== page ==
Lines of code (LOC) has some known flaws, but one of its advantages is that it lets humans visualize it for a small enough number. For bigger numbers like 100,000 vs 200,000 lines of code it really doesn't help us humans picture it.
For big enough changes, you could switch to just compressing the diff and measuring that. That also nicely tracks what developers would have to actually download to get the new changes. It also helps with understanding the bandwidth requirements of contributing to a project.
Here is what it looks like for the Linux kernel since 4.1. (For Rc1s only - the other rcs are in the 30-100 KiB range)
Here is a comparison of how far apart the LOC numbers are from the compressed diff numbers - the longer the line is the further apart they are. The numbers are normalized to 0-1. As you can see, they generally line up.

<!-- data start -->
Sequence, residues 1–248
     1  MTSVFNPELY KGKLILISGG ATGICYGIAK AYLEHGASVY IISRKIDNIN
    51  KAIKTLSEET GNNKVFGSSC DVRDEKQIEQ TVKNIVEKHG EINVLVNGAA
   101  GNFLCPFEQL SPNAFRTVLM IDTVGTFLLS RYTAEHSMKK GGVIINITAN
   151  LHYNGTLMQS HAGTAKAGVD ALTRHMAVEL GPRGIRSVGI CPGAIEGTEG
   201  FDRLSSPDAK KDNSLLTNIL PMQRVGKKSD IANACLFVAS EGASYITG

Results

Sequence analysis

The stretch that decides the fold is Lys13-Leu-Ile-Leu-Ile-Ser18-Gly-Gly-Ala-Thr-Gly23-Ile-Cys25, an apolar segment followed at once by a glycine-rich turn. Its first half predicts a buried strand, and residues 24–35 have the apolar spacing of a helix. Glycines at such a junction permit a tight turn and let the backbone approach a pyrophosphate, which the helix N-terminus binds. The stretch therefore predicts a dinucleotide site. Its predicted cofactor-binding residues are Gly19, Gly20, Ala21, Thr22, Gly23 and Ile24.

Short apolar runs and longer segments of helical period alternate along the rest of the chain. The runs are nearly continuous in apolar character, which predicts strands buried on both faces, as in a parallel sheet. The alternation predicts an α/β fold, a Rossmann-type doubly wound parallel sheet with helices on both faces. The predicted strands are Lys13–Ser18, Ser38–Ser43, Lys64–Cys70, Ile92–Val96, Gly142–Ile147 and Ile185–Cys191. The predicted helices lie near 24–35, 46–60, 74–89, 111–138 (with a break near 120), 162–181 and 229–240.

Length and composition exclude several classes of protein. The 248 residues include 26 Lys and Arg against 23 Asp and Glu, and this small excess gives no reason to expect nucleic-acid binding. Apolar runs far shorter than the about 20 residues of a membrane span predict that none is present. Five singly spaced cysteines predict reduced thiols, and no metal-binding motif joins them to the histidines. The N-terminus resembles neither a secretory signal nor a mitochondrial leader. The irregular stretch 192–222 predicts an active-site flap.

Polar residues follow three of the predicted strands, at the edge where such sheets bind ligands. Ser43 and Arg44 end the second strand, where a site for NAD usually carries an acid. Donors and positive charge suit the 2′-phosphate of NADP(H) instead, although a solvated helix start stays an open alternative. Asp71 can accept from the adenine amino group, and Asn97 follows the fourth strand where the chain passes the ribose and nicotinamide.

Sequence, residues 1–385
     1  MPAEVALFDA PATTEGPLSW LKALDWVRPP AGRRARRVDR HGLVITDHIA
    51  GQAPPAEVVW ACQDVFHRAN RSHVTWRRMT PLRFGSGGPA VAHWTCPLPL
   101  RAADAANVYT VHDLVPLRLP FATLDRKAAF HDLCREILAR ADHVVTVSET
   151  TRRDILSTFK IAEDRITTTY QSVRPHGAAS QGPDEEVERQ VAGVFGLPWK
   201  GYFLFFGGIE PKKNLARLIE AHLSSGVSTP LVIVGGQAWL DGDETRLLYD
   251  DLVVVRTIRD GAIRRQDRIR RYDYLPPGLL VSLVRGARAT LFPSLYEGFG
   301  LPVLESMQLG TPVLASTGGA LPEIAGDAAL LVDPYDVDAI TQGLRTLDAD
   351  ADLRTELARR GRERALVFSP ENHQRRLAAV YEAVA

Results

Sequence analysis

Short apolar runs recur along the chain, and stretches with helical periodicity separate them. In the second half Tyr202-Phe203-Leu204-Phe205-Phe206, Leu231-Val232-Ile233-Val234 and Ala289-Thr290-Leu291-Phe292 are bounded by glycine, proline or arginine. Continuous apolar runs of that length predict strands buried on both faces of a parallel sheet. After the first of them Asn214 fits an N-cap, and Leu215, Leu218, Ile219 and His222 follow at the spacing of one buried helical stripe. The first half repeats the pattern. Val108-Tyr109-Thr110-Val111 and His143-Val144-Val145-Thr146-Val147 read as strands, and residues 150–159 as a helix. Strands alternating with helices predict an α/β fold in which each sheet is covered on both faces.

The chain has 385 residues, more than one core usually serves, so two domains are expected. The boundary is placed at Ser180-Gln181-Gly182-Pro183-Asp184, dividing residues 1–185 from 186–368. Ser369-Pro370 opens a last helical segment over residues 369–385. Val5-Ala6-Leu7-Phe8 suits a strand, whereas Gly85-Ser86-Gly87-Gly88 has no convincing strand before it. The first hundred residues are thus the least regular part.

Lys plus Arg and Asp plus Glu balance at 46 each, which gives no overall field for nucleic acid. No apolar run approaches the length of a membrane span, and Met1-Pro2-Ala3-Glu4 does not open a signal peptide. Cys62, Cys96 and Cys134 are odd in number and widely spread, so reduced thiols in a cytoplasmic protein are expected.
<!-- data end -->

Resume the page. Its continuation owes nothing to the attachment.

(You can get the raw spreadsheet here )
Let's get some numbers from another project - say systemd.
$ git tag --list --sort=creatordate | tail
#Pick the last two major releases..
$ git diff v247 v248 | xz -c -q | wc -c | numfmt --to=iec-i --round=nearest
This isn't ground breaking, but it may prove to be slightly more useful than using LOCs. At the very least as an alternative, it could help put less emphasis on LOCs.
Some interesting future things to look at:
- Better comparisons between software projects using different languages?
- Tracking other changes to software projects in a similar way (Wikis, MLs).
- Compare with other kinds of projects. For instance Wikipedia does track changes monthly by the GB.
Comments and Feedback
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